New Hampshire state officials gathered on Thursday to criticize Gov. Chris Sununu for his apparent opposition to a bipartisan federal infrastructure bill, but his spokesperson said he just had questions.
Members of the New Hampshire Democratic Party cite an interview with Jack Heath where Sununu, a Republican, raised concerns about spending in Washington DC when asked about the infrastructure bill.
They released a statement about it on August 9 that included part of the radio segment.
“HEATHER [00:06:14] Governor, we’ll let you go after this because I know your schedule. But very quickly we had Senator Maggie Hassan on the show last week to talk about the infrastructure bill she expects, it looks like it will be voted on in the Senate this week. She is one of the Democratic senators working with Republicans and she has emphasized bipartisanship on this infrastructure bill. I also asked him, beyond the infrastructure bill, if he is passed as is or if he expects to pass on reconciliation, which a lot of people in the public do not know. But on other points of budget reconciliation, if everything was Democrat led by the Democratic Party without Republican support, would it be open to additional spending for reconciliation? And she basically said she would look at some of them in the areas that she thinks are still needed. Do you think we need reconciliation budget spending beyond this infrastructure bill?
I don’t know, it’s 2,700 pages. I haven’t read it. I don’t know exactly where the money is going. I hope it’s actually in the infrastructure. Often times they say infrastructure, it really isn’t. Beyond that, people need to understand that we have 28 trillion in debt. Show me how we’re going to pay for it without putting America on the hook for four generations and generations. So I guess I would leave that as if to say, look, I have some concerns about all the spending coming out of Washington. “
Sununu began to answer the question by saying that anything done in Washington should be done in a bipartisan fashion.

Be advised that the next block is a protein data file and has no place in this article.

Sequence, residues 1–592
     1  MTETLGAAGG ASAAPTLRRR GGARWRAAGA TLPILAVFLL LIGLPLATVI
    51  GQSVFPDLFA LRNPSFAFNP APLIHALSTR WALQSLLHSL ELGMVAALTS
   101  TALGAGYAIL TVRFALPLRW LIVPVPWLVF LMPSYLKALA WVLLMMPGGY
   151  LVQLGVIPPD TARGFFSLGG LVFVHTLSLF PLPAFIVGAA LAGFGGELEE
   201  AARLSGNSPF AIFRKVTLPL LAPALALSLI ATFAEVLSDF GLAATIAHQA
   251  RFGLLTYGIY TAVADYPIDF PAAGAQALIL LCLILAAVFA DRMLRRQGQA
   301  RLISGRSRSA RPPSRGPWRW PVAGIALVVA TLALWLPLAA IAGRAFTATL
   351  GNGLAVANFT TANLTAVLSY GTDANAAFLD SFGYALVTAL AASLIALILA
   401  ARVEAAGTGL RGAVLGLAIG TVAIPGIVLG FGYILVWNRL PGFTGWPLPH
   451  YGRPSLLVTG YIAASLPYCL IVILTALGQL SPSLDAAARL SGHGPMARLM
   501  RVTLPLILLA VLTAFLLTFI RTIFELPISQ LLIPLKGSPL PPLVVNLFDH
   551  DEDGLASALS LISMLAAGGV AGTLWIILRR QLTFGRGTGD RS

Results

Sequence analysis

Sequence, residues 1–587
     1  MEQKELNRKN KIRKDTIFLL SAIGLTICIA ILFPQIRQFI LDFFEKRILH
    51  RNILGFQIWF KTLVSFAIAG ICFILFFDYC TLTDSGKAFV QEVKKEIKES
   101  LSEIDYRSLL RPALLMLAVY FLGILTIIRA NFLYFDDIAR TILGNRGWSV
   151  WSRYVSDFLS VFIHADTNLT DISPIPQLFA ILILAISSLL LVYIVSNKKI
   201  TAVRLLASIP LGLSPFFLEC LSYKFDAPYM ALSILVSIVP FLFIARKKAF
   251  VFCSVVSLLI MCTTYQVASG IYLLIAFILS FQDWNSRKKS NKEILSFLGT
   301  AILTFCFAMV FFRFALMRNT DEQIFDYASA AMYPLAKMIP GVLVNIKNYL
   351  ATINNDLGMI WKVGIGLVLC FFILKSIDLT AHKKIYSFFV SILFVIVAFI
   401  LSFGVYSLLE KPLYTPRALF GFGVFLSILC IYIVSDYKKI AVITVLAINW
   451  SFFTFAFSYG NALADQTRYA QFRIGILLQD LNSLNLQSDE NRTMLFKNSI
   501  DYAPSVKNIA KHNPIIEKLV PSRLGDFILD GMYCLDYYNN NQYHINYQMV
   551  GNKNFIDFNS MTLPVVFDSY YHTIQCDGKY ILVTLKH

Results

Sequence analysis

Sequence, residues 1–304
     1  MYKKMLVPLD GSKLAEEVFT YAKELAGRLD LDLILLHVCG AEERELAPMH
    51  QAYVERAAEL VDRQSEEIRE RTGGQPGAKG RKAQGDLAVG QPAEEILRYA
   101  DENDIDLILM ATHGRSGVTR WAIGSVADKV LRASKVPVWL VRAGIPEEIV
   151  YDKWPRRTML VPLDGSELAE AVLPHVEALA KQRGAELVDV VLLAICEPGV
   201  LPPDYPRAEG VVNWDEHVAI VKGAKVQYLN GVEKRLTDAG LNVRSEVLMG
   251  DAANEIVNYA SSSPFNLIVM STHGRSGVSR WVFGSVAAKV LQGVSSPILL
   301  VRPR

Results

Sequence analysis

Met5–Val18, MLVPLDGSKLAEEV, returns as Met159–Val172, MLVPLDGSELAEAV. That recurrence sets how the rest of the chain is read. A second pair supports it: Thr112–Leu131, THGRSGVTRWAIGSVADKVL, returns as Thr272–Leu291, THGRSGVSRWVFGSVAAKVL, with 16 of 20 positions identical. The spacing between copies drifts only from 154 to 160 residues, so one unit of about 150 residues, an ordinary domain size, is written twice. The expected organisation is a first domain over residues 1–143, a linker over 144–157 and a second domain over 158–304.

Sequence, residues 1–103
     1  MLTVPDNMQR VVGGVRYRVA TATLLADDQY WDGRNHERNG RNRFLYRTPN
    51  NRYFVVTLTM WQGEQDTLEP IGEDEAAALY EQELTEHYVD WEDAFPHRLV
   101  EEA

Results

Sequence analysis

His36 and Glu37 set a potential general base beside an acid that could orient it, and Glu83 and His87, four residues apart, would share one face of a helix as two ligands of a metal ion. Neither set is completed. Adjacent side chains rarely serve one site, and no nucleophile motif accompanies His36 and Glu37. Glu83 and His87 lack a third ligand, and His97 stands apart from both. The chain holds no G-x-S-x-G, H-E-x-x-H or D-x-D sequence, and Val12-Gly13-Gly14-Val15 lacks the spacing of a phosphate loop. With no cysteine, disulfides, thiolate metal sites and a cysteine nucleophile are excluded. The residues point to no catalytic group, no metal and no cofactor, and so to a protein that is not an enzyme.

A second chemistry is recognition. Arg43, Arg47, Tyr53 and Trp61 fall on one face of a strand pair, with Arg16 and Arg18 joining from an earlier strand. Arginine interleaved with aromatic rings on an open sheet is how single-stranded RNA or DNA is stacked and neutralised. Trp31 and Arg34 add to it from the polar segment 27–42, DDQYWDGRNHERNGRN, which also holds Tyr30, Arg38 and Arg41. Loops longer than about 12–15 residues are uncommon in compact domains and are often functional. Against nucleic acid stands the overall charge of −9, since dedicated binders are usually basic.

Sununu said the spending to date, not to mention the infrastructure bill, is already causing problems for citizens.
“Inflation is the worst tax you can impose on low-income families because these low-income families have to pay the high price of gasoline, the high price of food, the high price of building materials, they have to pay as much as everyone else, ”Sununu said.
Sununu said federal officials must give states and communities the flexibility to spend the money as they see fit.
Gates MacPherson, deputy director of communications for the New Hampshire Democratic Party, said Thursday that U.S. Senators Jeanne Shaheen and Maggie Hassan deserved to be commended for their hard work.
“This bipartisan bill will fix our roads and bridges, invest in clean energy, provide high-speed internet access to rural areas, improve our coastal resilience, and create well-paying jobs for Granite Staters. But just like with the budget. government, Chris Sununu prefers to play partisan politics instead of doing the hard work of forging bipartisan deals that put people first, ”MacPherson said.
Before MacPherson released this statement, she told a virtual press conference that Sununu was under pressure from Mitch McConnell.
People have been talking about the National Republican Party’s pressure on Sununu for some time.
Many speculators believe Sununu could stand a chance of beating Hassan in 2022.
There was a McConnell-Sununu Exposed statewide tour that stopped in Dover in July.
Sununu is expected to join Mitch McConnell’s campaign chief Rick Scott at an event co-sponsored by Laconia state representative and mayoral candidate Dawn Johnson on Saturday at Gunstock Mountain Resort.
State Representatives Jaci Grote, of Rye; Laura Telerski, from Nashua; Donovan Fenton, of Keene and Joshua Query, of Manchester, attended the virtual press conference on Thursday.
Grote is concerned about erosion on state beaches.
“Investing in our state is as important as investing in businesses and people,” Grote said.
Sununu spokesman Ben Vihstadt was asked about Sununu’s statement to Democrats criticizing him for his opposition to the infrastructure bill.
Here is what Vihstadt wrote:
1. Nothing has even been promulgated, the governor has not spoken for or against the bipartite bill on infrastructure. But he has questions.
2. The state hasn’t even seen advice on how to spend the dollars, on a document that’s over 2,500 pages long.
3. The governor hopes the federal government will give the state the flexibility to spend the dollars.
4. Until the bill is passed and the state receives advice on what is and is not permitted from Washington, it would be premature and inappropriate to intervene. Many details still need to be worked out.
Contact editor-in-chief Kimberley Haas at [email protected]